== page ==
Using sentences and strings of sentences, fluid sentence-length and paragraph-length messages, in the target language, with frequency of errors proportionate to the complexity of the communicative task, students will

  1. Respond to, compare and discuss the effects of sound, meter, and rhythm in poetry in the target language and in English*
  2. Compare, contrast and analyze articles in newspapers, journals, and TV and radio broadcasts in the target language
  3. Discuss and analyze idiomatic expressions in the target language*

Stage 4:

at the end of

  • grade 12 in a PreK- 12 sequence

Using sentences and strings of sentences, fluid sentence-length and paragraph-length, and essay-length messages, in the target language, with some patterns of errors that do not interfere with meaning students will

  1. Compare, contrast, and discuss etymological/linguistic roots of English words from the target language*
  2. Read and view several literary works (print, film, multimedia) with related themes and compare them*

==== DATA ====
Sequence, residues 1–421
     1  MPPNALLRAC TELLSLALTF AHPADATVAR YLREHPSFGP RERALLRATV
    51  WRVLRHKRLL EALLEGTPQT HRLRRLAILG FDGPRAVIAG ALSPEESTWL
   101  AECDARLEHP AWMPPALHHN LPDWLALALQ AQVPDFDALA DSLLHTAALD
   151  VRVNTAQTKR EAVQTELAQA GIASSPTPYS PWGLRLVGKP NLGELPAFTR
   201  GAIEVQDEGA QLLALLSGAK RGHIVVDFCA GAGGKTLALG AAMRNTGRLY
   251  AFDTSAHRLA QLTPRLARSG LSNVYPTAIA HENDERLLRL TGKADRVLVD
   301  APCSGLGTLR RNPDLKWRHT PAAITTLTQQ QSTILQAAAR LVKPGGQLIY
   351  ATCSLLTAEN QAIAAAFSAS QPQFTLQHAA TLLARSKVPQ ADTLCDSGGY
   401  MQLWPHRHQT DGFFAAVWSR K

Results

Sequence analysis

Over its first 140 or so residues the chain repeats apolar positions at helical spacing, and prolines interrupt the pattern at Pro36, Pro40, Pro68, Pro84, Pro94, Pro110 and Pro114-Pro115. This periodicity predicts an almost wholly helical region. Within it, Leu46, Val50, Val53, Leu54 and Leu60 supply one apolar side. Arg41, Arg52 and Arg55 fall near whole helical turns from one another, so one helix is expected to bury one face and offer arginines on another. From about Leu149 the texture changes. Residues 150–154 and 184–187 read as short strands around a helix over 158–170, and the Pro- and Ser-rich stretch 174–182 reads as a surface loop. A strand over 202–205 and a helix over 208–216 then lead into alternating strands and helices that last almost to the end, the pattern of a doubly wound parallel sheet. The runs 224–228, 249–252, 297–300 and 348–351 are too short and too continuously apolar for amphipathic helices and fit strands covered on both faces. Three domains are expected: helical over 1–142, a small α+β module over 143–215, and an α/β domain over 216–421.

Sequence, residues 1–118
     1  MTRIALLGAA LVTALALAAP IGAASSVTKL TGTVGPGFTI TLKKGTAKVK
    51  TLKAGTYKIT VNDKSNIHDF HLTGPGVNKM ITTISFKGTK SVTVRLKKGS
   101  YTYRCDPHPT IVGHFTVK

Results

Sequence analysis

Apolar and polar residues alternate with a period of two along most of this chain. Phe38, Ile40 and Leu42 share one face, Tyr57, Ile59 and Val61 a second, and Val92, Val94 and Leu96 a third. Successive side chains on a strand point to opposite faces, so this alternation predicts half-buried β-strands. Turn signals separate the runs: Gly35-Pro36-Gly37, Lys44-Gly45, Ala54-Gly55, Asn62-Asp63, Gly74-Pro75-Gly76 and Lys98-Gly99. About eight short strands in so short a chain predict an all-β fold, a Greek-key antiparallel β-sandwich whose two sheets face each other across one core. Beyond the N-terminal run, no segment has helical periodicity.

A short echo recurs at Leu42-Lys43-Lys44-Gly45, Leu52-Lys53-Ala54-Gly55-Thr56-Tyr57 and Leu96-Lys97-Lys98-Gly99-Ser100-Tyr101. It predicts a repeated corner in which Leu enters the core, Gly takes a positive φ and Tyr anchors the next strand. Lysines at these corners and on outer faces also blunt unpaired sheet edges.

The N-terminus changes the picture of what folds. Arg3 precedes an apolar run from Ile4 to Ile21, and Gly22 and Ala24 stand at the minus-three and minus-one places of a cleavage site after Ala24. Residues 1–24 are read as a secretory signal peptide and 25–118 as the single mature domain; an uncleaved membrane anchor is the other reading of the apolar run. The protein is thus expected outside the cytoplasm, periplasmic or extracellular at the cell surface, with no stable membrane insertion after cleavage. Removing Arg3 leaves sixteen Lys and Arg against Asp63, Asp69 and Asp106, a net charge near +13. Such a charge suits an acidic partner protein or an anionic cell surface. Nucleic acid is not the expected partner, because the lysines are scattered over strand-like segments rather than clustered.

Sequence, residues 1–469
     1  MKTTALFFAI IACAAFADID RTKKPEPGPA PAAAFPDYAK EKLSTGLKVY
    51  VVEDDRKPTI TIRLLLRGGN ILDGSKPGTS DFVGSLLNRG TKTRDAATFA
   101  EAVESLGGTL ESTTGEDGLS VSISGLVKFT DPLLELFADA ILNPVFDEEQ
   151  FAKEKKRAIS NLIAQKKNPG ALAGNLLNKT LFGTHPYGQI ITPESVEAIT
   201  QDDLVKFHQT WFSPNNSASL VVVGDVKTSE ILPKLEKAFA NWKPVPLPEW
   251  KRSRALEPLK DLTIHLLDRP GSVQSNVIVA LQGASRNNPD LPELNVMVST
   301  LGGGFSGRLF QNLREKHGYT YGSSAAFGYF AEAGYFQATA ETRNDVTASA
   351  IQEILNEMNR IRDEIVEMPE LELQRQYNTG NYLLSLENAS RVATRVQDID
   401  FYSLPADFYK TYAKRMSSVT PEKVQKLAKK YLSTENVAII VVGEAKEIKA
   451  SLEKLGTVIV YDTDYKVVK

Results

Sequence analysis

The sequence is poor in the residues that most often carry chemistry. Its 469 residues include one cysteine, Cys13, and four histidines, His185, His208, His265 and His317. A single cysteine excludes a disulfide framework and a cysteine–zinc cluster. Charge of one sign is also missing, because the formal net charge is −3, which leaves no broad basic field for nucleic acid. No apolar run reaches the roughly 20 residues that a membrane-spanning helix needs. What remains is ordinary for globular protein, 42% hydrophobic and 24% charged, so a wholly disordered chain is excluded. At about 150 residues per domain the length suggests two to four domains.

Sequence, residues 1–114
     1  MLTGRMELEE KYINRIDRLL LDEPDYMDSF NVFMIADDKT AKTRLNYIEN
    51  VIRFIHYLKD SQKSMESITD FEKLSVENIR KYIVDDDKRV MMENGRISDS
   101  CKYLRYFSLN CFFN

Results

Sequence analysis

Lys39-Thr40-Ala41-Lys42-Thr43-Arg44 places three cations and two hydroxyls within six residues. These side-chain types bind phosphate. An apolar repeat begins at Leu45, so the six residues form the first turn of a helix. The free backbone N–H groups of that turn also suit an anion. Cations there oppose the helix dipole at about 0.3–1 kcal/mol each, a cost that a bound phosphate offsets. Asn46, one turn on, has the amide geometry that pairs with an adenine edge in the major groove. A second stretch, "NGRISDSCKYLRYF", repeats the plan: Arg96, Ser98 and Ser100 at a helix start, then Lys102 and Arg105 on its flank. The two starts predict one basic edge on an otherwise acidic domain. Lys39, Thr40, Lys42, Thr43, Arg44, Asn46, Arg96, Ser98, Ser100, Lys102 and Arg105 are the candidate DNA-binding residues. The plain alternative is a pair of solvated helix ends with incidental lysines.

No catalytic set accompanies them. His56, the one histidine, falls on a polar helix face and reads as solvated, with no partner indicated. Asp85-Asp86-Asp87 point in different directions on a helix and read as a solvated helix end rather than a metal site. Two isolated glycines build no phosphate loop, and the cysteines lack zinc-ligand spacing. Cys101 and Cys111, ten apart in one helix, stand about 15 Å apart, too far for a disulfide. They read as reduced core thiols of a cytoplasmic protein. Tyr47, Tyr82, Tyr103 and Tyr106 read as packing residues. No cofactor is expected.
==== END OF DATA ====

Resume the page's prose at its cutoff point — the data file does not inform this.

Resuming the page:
3. Describe a major aspect of the linguistic system of the target language (such as syntax, style, body language, pragmatics, etc.) and compare and contrast this to a comparable aspect of English*
  4. Describe similarities in themes and details found in narratives of the target language and English*


Learning Standard 6

Students will demonstrate an understanding of the concept of culture through comparison of the target culture and their own. In classical language study, discussion and writing will be in English.

Proficiency Level

Learning Standard Components
*applies to classical language learning

Stage 1:

at the end of

  • grade 4 in a PreK-4 sequence
  • grade 8 in a 6-8 sequence
  • grade 10 in a 8-10 sequence